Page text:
Advanced front side metallization for crystalline silicon solar cells with electrochemical techniques
The present work is an evaluation of the possibilities that electrochemical processes offer for the metallization of crystalline silicon solar cells. Based on the established metallization process for high-efficiency laboratory solar cells, metal plating processes have been investigated as part of the "seed & plate" two step metallization concept. This approach was expected to feature advantageous properties compared to the current industrial standard process, screen printing. General electrochemical interrelations of plating processes on solar cells are clarified. A novel method that allows the evaluation of individual electrode processes for light-induced plating is developed and implemented. Challenging process aspects, such as current density evaluation and control, mass transport and deposition homogeneity are addressed. Suitable process parameters are identified and successfully applied to crystalline silicon solar cells, comparing the results with the state of the art. It is demonstrated that electrochemical techniques are suitable to create a superior front side metallization for crystalline silicon solar cells. Contacts with decreased width and increased conductivity compared to screen printed ones can be created, leading to a reduction in shading (resulting in an increased solar cell current) at comparable or improved series resistance. A first, relatively simple contact architecture with a fine-line printed seed layer augmented by plated silver is already close to industrial introduction. A second approach with a plated nickel seed layer and plated silver or copper as conducting layer is even more promising, but requires further investigation. As the long-term stability of copper-containing contacts is a key aspect, a novel method that allows a quick estimation of this parameter is developed. Optimized process sequences are demonstrated to allow sufficient long-term stability for these copper-containing contact systems. Simultaneously, these approaches led to a contact system performance similar to the most advanced evaporated TiPdAg-system, which was successfully reproduced with industrially relevant electrochemical processes. Record efficiencies of 21.4% were achieved. Both approaches are estimated to be economically competitive with the state of the art.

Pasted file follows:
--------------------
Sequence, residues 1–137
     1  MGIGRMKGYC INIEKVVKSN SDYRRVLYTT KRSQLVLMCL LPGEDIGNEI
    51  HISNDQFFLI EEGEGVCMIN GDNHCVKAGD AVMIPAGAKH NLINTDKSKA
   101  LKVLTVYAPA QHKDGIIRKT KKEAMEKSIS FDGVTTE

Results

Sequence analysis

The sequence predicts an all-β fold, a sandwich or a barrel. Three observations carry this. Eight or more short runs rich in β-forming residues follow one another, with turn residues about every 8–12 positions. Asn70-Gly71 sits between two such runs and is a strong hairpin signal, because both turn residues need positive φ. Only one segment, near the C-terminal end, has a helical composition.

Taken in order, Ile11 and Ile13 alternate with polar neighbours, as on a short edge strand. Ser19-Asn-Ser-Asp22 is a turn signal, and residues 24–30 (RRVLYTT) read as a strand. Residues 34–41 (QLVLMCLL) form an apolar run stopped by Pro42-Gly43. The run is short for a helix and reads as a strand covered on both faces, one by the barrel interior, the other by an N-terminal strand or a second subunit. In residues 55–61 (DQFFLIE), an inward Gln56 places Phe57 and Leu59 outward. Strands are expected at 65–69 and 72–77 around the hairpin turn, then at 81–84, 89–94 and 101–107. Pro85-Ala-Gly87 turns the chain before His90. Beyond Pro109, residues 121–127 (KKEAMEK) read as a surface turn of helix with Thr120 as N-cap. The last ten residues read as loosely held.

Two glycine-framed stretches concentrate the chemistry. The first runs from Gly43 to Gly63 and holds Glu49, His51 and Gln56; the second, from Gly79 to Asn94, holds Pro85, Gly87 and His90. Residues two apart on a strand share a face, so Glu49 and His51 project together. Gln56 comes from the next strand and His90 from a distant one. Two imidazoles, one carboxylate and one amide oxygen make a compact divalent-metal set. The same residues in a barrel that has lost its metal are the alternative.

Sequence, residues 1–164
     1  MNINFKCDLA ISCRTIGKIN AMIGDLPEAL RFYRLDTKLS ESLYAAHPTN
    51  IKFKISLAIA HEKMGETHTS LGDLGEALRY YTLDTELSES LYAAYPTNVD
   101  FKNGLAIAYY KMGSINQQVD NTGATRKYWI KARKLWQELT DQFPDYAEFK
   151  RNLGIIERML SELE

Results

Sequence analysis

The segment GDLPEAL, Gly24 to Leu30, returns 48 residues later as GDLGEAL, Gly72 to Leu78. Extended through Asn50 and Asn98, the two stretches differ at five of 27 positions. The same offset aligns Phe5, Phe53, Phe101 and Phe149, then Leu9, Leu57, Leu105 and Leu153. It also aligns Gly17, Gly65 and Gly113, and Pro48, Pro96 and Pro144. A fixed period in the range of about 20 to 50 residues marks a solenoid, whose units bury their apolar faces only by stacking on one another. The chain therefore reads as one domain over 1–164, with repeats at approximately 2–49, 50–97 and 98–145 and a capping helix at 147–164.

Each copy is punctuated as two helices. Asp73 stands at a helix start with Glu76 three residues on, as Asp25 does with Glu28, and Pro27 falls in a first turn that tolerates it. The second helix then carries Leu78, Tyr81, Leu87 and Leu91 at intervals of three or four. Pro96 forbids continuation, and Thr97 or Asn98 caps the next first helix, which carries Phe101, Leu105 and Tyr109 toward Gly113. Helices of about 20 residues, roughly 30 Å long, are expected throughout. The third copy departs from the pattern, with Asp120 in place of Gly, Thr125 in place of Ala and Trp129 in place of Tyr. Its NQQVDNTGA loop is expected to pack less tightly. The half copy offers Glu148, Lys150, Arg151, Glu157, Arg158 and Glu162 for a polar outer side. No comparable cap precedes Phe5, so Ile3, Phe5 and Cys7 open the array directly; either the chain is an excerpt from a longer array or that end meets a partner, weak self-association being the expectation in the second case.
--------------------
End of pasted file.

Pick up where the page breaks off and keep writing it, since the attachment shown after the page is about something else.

Zugl.: Freiburg/Brsg., Univ., Diss., 2011